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Don't Wait: 5 Steps to Reduce Cyber Breach Risk

Dean Sapp - Braintrace

Editor's Note: Security is always top of mind for our team; it's a hallmark of how we operate as well as what we build. In the spirit of optimizing operations, here are some quick cybersecurity tips from Braintrace, a Relativity Developer Partner.

Effective cybersecurity is a complex, layered system of prevention, detection, and intervention aimed at anticipating bad acts, verifying authorized access, and reducing the risk of infiltration. It’s a never-ending battle to stay ahead of the bad guys, and it’s not easy.

However, there are five simple steps every law firm can take to reduce the risk of cyberbreaches. It is the very least you can do to protect your valuable data assets.

1. Harden your email systems.

Your email is a prime entryway for unauthorized access. A few simple steps can curtail many common paths in and reduce email vulnerability:

  • Turn on and configure DKIM, DMARC, and SPF for all firm email domains. These will all help verify the validity of emails by assuring their association with legitimate domains.
  • Turn on geolocation rules to trigger an alert for successful logins from outside the office for all email accounts.
  • Set up alerts when email account rules are changed to perform automatic actions. A red-flag example for this would be all emails being forwarded outside of your organization after the account has been compromised.
  • Use digital certificates and digitally sign and encrypt email. By digitally signing internal emails, and training on their use, business email compromise (BEC) fraud is far less likely. 

2. Use true, two-factor authentication.

Two-factor or two-step authentication (which checks for something you know and something you have) is vital for all systems that store, process, or transact highly sensitive client information. This is critical for any system that is accessible from the Internet, including:

  • Email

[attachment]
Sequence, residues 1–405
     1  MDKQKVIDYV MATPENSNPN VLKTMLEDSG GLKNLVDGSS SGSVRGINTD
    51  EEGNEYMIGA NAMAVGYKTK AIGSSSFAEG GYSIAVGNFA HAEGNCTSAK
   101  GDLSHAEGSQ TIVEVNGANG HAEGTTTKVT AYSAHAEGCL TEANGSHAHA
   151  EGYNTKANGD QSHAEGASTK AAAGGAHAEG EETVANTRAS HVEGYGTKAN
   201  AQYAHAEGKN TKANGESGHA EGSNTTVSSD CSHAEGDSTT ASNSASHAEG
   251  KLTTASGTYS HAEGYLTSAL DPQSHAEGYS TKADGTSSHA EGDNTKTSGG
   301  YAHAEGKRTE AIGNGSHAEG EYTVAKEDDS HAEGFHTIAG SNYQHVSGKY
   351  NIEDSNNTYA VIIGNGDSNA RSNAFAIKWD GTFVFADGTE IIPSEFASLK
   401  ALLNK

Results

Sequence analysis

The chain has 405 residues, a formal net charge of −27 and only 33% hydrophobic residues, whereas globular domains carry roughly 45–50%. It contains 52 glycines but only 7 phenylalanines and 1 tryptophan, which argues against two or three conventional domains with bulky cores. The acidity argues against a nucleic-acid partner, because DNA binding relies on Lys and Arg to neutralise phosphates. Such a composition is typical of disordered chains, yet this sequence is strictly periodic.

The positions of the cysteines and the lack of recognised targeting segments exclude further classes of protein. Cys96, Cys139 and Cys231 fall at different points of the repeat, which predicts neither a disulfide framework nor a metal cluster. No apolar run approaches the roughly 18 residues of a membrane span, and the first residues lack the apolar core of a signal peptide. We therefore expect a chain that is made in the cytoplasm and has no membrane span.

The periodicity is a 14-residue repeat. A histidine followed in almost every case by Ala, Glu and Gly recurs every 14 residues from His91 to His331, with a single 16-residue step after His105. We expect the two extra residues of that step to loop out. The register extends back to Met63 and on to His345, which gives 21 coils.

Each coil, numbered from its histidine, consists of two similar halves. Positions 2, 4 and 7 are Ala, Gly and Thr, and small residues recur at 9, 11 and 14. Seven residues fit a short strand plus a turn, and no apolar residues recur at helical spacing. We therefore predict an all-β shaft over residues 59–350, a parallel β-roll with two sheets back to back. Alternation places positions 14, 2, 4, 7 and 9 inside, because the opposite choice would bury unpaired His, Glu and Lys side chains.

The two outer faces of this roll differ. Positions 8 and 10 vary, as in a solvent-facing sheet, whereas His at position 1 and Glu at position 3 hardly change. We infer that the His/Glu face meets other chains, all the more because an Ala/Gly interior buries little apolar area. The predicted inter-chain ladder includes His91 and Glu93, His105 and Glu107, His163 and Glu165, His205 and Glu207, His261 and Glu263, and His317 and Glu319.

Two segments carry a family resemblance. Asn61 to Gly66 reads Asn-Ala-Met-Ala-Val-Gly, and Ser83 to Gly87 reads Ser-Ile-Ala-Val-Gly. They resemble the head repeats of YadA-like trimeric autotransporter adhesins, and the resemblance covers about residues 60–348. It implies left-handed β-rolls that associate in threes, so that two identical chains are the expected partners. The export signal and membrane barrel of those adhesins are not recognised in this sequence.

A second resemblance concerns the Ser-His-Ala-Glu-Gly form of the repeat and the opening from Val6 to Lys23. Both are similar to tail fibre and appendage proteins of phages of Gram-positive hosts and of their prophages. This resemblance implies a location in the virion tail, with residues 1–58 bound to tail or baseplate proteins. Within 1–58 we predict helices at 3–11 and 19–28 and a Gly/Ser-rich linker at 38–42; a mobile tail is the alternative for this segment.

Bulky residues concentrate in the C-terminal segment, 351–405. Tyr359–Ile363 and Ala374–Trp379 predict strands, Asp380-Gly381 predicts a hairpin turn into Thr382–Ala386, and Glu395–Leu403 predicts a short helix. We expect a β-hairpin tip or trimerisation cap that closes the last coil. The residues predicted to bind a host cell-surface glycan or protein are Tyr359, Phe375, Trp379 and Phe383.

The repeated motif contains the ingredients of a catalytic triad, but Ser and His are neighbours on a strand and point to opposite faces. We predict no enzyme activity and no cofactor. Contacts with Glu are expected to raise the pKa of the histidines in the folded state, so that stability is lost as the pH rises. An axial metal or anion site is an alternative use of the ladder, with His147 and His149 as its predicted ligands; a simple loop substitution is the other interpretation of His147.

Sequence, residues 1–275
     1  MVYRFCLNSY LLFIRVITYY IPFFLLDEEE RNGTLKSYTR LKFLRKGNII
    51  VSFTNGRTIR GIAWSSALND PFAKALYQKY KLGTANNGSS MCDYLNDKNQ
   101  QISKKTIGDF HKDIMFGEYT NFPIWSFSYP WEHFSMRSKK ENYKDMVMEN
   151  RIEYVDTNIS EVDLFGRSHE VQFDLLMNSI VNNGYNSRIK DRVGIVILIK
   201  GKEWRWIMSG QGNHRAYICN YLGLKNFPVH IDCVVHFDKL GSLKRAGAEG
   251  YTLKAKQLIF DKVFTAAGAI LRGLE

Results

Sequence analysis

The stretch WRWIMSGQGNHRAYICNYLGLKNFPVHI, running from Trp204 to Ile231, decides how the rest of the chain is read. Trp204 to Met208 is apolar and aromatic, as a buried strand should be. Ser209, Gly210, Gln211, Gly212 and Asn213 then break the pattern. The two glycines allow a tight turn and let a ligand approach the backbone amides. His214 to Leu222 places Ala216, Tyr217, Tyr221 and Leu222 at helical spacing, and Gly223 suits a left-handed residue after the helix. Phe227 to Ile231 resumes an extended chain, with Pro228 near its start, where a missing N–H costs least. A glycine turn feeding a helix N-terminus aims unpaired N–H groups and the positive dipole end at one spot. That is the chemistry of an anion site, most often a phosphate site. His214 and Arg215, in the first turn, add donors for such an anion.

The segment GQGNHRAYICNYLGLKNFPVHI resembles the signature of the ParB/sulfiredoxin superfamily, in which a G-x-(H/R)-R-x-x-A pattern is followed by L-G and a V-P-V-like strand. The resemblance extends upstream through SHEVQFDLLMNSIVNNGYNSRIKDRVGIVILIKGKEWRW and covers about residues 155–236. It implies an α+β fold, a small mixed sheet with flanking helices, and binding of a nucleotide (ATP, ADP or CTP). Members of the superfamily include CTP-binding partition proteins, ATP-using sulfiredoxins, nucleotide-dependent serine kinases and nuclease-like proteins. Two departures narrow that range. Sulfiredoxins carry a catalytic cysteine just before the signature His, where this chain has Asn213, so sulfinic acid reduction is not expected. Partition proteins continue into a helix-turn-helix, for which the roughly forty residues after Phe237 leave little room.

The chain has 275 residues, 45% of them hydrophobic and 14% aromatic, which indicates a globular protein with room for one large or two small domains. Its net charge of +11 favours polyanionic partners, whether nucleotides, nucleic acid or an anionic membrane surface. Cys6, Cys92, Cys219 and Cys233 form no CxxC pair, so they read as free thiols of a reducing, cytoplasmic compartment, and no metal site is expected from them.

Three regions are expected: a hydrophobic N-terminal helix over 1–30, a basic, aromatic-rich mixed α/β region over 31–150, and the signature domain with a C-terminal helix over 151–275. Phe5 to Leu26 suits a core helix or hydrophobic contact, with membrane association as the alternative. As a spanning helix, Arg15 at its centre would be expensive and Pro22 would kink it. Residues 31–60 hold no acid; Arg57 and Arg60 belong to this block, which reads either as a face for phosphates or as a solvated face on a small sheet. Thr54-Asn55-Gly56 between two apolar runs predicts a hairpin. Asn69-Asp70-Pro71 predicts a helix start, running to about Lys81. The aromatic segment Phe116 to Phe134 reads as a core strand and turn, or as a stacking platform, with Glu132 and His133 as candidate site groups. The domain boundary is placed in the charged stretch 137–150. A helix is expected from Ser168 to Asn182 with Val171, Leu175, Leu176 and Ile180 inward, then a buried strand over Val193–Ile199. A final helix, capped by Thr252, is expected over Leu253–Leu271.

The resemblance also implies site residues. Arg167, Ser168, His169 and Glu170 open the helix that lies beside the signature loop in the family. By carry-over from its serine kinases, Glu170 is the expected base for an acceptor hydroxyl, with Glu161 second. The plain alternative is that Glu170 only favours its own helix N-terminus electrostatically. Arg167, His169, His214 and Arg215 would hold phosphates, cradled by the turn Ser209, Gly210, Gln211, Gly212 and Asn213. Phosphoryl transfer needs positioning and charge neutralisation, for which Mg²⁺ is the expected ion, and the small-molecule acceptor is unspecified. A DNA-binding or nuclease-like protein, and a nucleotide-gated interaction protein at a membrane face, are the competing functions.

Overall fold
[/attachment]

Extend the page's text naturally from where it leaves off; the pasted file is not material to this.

• Document Management Systems (DMS)
  • Accounting systems
  • Litigation support systems
  • Domain and remote access (VPN)
  • Any other online system

3. Consider deploying next-generation endpoint software.

The applications your team runs on your network have the potential for unknown security holes or vulnerabilities that hackers can exploit. These “zero-day attacks” expose you to risk until the software developer learns of the vulnerability and then rushes to create a fix. Securing your endpoints with next-generation endpoint software that leverages artificial intelligence and machine learning can help stop zero-day attacks and save much time re-imaging computers and responding to incidents.

4. Protect your mobile phones.

Use an MDM (Mobile Device Management) system to secure, encrypt, and protect mobile phones and applications. Consider using Privoro Privacy Guards for attorneys who travel, especially to foreign countries. This is a more cost-effective business solution than using burner phones that have less practical use on the road. Remember: attorneys carry and access sensitive e-discovery data wherever they go, and it’s critical to ensure that data is secure from every angle.

Also, use reliable VPN software when on public Wifi. On an unsecured network, you could potentially be leaving yourself open for criminals to access any sensitive data stored on your device.

5. Act fast when problems occur.

Discovered vulnerabilities demand immediate action. Ensure that your IT department patches all of your public-facing IT systems as soon as possible when high-risk vulnerabilities are announced. Follow up with your internal systems as soon as reasonably possible. 

There are countless ways that bad guys can try to exploit your systems and access your data. While a complete, end-to-end, layered methodology and maturity model is the ideal way to control your risk, these five steps are a fast and easily accomplished first line of defense. Work closely with your IT team to ensure they’re in place to protect you.

What other steps help build your cybersecurity shield? Let us know in the comments.

Dean Sapp is CISO of Braintrace. He's a long-time security practitioner with 24 years of combined information security and IT experience—including 17 years working with AM 100 and 250 law firms.